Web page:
Revealing the scandal of the gospel is not Carson's primary goal with this book. He does that to some extent by looking at the ironies found in Matthew's account of the crucifixion as well as the "surprises" found in the resurrection of Lazarus. However, his main objective is to prove that the cross is the pivotal point of redemptive history. It is the central moment of scripture. He proves this by examining Romans 3:21-26 as well as Revelation 12. In fact, the examination of Romans 12 is so thorough, it connects the dots - so to speak- for all of scripture and lays to rest many mistaken theories on the book of Revelation. This book is a great, readable help for anyone whishing to grasp the whole of scripture. Further, this treatise is a comfort to those worried about uncertain times and end-times prophecies.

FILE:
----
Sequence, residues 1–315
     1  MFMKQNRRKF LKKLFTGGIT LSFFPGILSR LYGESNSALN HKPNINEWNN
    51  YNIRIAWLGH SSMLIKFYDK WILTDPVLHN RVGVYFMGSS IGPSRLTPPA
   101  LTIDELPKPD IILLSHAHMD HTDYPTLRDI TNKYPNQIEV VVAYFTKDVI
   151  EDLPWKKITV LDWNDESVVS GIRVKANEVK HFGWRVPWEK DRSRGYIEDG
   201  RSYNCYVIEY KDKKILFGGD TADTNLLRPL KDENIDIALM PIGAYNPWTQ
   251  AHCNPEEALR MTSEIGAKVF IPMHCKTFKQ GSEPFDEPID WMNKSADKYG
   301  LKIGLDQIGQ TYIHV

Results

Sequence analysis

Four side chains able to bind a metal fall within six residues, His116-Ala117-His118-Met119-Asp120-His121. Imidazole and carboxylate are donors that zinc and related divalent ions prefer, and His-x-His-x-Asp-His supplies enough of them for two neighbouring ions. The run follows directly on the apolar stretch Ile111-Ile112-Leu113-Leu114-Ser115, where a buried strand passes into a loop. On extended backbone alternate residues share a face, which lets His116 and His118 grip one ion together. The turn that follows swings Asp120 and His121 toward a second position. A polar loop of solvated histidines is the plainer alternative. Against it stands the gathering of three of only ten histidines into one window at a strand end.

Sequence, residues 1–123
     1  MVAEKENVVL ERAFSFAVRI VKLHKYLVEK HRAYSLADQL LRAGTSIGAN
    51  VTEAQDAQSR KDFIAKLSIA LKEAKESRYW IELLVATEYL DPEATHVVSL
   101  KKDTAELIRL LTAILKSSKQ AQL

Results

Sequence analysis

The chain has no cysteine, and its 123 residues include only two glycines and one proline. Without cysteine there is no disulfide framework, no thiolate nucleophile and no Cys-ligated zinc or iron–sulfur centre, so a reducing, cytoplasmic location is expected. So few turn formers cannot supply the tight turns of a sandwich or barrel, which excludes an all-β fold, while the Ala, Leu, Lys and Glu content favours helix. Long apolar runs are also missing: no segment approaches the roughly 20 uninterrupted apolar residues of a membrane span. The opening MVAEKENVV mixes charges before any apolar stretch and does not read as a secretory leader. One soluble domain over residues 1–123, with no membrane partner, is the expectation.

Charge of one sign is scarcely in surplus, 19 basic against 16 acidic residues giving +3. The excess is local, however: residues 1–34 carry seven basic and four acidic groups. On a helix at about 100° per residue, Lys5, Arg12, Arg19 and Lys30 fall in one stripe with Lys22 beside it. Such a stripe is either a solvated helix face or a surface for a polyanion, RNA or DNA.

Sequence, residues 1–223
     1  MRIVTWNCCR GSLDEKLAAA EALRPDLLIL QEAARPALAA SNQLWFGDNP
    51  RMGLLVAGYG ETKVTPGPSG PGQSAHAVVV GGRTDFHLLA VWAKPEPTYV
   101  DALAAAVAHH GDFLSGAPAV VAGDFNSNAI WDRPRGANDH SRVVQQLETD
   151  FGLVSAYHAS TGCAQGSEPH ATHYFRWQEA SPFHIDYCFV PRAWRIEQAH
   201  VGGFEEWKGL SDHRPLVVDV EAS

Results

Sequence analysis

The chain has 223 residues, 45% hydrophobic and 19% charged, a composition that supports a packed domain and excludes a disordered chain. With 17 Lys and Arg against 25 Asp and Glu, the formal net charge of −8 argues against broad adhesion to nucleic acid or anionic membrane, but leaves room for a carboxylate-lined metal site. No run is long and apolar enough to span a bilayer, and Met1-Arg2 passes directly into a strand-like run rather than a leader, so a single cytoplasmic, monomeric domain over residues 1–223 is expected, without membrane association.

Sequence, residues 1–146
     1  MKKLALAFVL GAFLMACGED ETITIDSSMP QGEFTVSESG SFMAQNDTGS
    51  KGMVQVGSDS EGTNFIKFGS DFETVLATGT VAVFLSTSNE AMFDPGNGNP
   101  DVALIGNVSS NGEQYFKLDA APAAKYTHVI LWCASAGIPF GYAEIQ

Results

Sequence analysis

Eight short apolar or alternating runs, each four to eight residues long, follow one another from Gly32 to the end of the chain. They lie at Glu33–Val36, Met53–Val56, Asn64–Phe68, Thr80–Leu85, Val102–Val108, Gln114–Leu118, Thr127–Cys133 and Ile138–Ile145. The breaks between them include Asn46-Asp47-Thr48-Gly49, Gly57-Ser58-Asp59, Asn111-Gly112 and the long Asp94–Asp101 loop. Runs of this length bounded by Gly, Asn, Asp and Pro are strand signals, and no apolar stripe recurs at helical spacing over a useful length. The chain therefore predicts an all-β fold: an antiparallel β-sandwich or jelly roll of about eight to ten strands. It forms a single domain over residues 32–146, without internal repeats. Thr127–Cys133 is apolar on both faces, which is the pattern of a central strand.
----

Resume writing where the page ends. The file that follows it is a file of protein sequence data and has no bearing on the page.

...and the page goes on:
Finally, Carson addresses doubt by examining none other than "doubting" Thomas. In the final chapter he looks at Thomas' skepticism, his belief, and the purpose he serves as a witness to the resurrection.
There are many aspects of the crucifixion and resurrection that may be scandalous. What is most so is that it was that moment, that weekend in Jerusalem 2000 years ago, on which all salvation hangs. Carson does an excellent job of bringing this to light and I highly recommend this book.
|Fantastic book, terrible edition Jun 1, 2010|
|This is a fantastic read, very insightful and well-written. I'd love to give it five stars, but this Kindle edition faithfully preserves the original's hyphenation, even when the line breaks occur at different places in the ebook. I am finding it very distracting to read.|